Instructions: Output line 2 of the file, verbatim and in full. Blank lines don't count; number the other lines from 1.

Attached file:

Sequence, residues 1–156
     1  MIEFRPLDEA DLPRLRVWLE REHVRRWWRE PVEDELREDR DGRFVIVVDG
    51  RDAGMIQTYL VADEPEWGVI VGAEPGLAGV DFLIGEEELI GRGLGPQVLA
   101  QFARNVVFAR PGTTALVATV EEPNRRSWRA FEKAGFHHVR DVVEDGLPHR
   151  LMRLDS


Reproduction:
     1  MIEFRPLDEA DLPRLRVWLE REHVRRWWRE PVEDELREDR DGRFVIVVDG